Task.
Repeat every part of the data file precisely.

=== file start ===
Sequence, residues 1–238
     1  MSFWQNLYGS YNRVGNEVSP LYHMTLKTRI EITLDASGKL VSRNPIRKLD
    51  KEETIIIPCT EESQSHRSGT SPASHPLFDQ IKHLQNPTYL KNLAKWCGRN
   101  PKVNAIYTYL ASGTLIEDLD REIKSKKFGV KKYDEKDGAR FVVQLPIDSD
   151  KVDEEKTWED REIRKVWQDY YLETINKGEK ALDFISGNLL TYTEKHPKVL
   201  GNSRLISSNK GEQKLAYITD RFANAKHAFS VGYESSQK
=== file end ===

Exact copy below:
Sequence, residues 1–238
     1  MSFWQNLYGS YNRVGNEVSP LYHMTLKTRI EITLDASGKL VSRNPIRKLD
    51  KEETIIIPCT EESQSHRSGT SPASHPLFDQ IKHLQNPTYL KNLAKWCGRN
   101  PKVNAIYTYL ASGTLIEDLD REIKSKKFGV KKYDEKDGAR FVVQLPIDSD
   151  KVDEEKTWED REIRKVWQDY YLETINKGEK ALDFISGNLL TYTEKHPKVL
   201  GNSRLISSNK GEQKLAYITD RFANAKHAFS VGYESSQK